"Farming uses a significant about of diesel. For farmers in South-Central Kansas, it's the fifth largest cash expense."

Fuel prices are expected to rise in 2017, which means farmers may have to tighten budgets in the next 12 months.

A GasBuddy study projects gasoline prices to average about $2.49 per gallon this year, 36 cents higher than in 2016. Diesel is expected to cost an average of $2.71 this year, an increase of 58 cents compared to 2016.

"Farming uses a significant about of diesel. For farmers in South-Central Kansas, it's the fifth largest cash expense," said Jay Warner, a McPherson County farmer.

Warner said in 2015, the most recent year for which data is available, the average farm spent $25,000 on fuel, or an average of $16 per acre. Those numbers are higher in McPherson County, with an average of $21 spent on fuel per acre of farmland.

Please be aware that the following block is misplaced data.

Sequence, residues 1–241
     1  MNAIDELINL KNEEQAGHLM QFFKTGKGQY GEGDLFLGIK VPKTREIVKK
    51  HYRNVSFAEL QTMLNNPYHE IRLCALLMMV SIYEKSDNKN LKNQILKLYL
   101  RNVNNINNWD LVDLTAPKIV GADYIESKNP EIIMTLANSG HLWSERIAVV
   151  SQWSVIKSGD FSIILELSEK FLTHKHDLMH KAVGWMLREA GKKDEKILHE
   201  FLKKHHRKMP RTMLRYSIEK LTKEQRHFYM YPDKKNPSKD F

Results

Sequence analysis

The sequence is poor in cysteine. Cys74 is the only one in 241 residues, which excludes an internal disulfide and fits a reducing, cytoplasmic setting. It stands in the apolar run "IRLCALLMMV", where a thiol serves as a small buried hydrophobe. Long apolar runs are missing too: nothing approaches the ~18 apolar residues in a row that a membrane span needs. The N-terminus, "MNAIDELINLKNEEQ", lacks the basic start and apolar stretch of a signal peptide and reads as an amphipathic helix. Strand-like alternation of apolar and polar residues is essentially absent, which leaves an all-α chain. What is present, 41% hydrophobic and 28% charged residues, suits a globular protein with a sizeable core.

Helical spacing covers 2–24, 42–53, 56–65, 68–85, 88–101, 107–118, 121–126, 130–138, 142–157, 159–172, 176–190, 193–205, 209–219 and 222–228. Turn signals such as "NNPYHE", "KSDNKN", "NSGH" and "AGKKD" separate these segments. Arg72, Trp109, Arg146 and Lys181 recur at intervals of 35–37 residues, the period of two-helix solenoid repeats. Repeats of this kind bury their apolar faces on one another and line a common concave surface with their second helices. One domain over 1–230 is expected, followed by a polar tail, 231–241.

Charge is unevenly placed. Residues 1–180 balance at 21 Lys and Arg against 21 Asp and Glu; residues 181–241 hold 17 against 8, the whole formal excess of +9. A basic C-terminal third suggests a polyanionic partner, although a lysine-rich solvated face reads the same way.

"I don't know whether that's because of farm size or different crop rotations," Warner said. "It's one of those odd things."

According to GasBuddy data, the average cost of diesel in 2015 was $2.40 per gallon, about 31 cents lower than 2017's projections. However, the upfront cost of fuel is not the only way rising fuel prices can affect farm operations.

"The number one expense on farms is fertilizer, which is made from natural gas," Warner said. "When fuel and energy prices go up, fertilizer costs go up too."

Warner said there are enough buffers between producers and consumers that the increase in fuel prices may not be felt at the grocery store checkout stand. It will, however, be felt in farmers' bottom lines.

"If fuel prices go up in 2017, and income doesn't increase — and so far, grains aren't up — it'll be really tight on farmers for a few more years," Warner said.